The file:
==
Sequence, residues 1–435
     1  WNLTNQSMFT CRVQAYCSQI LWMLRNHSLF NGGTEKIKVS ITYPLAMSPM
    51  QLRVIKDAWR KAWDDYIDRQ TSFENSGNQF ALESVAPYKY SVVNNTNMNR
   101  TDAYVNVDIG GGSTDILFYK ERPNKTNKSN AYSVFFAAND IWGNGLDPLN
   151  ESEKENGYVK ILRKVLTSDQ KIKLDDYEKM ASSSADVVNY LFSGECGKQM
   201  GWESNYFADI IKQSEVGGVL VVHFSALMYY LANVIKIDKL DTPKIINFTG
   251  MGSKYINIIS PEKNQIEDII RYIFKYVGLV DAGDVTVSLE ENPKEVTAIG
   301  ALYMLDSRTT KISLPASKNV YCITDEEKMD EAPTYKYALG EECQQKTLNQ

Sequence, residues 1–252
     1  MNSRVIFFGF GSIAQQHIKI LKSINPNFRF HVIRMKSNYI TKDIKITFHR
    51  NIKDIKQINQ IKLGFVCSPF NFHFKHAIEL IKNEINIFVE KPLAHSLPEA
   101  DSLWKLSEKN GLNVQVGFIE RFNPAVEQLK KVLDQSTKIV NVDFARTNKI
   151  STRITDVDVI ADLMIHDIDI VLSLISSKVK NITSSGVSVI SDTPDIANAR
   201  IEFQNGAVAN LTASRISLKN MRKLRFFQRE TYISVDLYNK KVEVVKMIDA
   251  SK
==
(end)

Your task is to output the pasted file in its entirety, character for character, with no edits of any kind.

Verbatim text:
Sequence, residues 1–435
     1  WNLTNQSMFT CRVQAYCSQI LWMLRNHSLF NGGTEKIKVS ITYPLAMSPM
    51  QLRVIKDAWR KAWDDYIDRQ TSFENSGNQF ALESVAPYKY SVVNNTNMNR
   101  TDAYVNVDIG GGSTDILFYK ERPNKTNKSN AYSVFFAAND IWGNGLDPLN
   151  ESEKENGYVK ILRKVLTSDQ KIKLDDYEKM ASSSADVVNY LFSGECGKQM
   201  GWESNYFADI IKQSEVGGVL VVHFSALMYY LANVIKIDKL DTPKIINFTG
   251  MGSKYINIIS PEKNQIEDII RYIFKYVGLV DAGDVTVSLE ENPKEVTAIG
   301  ALYMLDSRTT KISLPASKNV YCITDEEKMD EAPTYKYALG EECQQKTLNQ

Sequence, residues 1–252
     1  MNSRVIFFGF GSIAQQHIKI LKSINPNFRF HVIRMKSNYI TKDIKITFHR
    51  NIKDIKQINQ IKLGFVCSPF NFHFKHAIEL IKNEINIFVE KPLAHSLPEA
   101  DSLWKLSEKN GLNVQVGFIE RFNPAVEQLK KVLDQSTKIV NVDFARTNKI
   151  STRITDVDVI ADLMIHDIDI VLSLISSKVK NITSSGVSVI SDTPDIANAR
   201  IEFQNGAVAN LTASRISLKN MRKLRFFQRE TYISVDLYNK KVEVVKMIDA
   251  SK